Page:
Australia has a near-exemplary record of signing on to human rights treaties. It’s a shame the follow-through has let us down.
When a country signs on to one of these binding agreements under international law, it undertakes to act in accordance with all articles. That is, to give effect to all the treaty rights and freedoms in a way that does not discriminate between men and women or between groups of people of a particular colour, creed or nationality, and to accept and co-operate with the associated monitoring and accountability mechanisms.
In the first half of this year Australia was called before the UN Committees that monitor states parties’ compliance with the International Covenant on Civil and Political Rights (ICCPR) and the International Covenant on Economic Social and Cultural Rights (ICESCR) respectively. These Committees found that Australia has much work to do about the rights it has committed to protect.
The Human Rights Committee published its findings in March. It was critical of Australia for not having acted on its number one obligation - that of ensuring that all rights recognised in the ICCPR are reflected in law, policy and practice. Such rights include freedom of expression and of association, fair trial, freedom from arbitrary imprisonment, and freedom from torture and other cruel, inhuman or degrading treatment or punishment.
During hearings, Committee members left the delegation of Australian officials in no doubt as to their concerns about Australia’s record in recent years of consistently rejecting recommendations on individual complaints made to it under the First Optional Protocol. One Committee member reminded the delegation of a fundamental principle of international law - that treaties are for keeping; they should not be broken through acts of commission or neglect.
When human rights treaties are violated, the breach injures not only those individuals in Australia whose rights are violated. It also damages Australia’s reputation both as a country where people can find true freedom and dignity, and as a state whose word is its bond when it signs a “contract” with fellow members of the international community.
When the Concluding Observations of the Committee on Economic Social and Cultural Rights - the body charged with monitoring progress in protecting rights such as living and working standards, as well as housing, health and education - were published in May, they contained themes in common with those of the Human Rights Committee.
The most basic of these themes is a failure to provide a framework for giving effect to Covenant rights in domestic law. Without such a framework, the enjoyment of these rights is not guaranteed, as neither the Commonwealth nor the States and Territories have assumed responsibility for recognising and protecting them. Violations of the rights of Indigenous Australians - in the suspension of protections against racial discrimination, and the continued absence of a national representative body - drew criticism from the Committee. So, too, did the continued use of Christmas Island, changing territorial borders for migration purposes and mandatory detention of asylum seekers. The continuing wage gap between men and women, unduly restrictive industrial relations legislation, and inadequate social security benefits and coverage were also criticised. The Committee also criticised the weak mandate and inadequate resourcing for the Australian Human Rights Commission.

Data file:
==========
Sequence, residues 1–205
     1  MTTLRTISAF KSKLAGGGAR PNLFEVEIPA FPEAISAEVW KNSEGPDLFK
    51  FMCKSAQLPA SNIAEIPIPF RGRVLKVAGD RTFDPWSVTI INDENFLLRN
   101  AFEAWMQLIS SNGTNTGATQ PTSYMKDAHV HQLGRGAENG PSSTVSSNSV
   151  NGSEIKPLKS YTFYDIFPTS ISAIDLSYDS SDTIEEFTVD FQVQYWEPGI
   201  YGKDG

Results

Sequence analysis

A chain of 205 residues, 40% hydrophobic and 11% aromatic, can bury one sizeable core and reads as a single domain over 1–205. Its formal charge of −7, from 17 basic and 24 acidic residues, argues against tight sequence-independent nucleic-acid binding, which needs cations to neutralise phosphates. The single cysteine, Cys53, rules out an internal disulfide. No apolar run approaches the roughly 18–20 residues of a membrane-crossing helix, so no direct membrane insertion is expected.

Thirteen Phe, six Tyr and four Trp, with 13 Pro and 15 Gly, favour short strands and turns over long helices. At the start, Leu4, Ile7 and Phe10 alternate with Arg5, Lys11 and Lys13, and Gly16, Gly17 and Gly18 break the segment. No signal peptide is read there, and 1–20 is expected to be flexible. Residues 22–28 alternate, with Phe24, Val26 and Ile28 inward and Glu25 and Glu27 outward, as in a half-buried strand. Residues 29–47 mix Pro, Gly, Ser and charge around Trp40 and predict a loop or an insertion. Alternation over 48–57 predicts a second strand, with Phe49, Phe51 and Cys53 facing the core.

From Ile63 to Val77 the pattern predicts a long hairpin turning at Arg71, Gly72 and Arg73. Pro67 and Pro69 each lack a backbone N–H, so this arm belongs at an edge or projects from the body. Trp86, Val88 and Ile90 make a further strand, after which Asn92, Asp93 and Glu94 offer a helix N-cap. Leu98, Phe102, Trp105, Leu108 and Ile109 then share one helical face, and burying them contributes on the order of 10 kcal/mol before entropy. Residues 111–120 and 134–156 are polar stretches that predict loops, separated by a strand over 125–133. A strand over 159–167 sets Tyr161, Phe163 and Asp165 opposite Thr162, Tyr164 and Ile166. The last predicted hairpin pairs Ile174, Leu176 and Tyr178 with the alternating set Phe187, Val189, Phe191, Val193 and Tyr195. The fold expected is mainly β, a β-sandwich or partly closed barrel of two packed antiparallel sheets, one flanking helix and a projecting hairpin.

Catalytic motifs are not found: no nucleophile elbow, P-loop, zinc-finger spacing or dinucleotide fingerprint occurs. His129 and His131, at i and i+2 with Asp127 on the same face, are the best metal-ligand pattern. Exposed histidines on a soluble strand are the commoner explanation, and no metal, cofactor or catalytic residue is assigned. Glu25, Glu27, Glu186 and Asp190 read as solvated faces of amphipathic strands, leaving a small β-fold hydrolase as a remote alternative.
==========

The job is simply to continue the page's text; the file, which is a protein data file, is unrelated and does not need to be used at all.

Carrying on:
Defending economic, social and cultural rights is as important as advocating for civil and political rights. Economic, social and cultural rights are real rights because they express the essential interests of individuals if they are to flourish and make the fullest possible contribution to the life of their community. This is why, for example, the death as a direct result of poverty of 25,000 children a day globally, is a human rights issue. Together these rights provide the conditions essential for a life of dignity and social inclusion. Without them civil and political rights are hollow. And vice versa. This reflects what is known in international human rights law as the interdependence of rights.
The violations of treaty rights identified by these two UN Committees indicate very clearly the need to address the substantial shortcomings in Australia’s current arrangements for protecting rights.
When our government ratifies a treaty it does it on our behalf. It is our treaty. We are the intended beneficiaries. Treaty rights are our rights. And treaty responsibilities are our responsibilities - they arise from the need to respect the corresponding rights of others. If the government fails to integrate treaty rights into Australian law, policy and practice, it has failed us and we need to demand action.
Australia needs, at the very least, a Human Rights Act that includes civil, cultural, economic, political and social rights, an Act that forces legislators, policy-makers and decision-makers to take treaty rights into account. Until then, Australia will still have much to do about rights.
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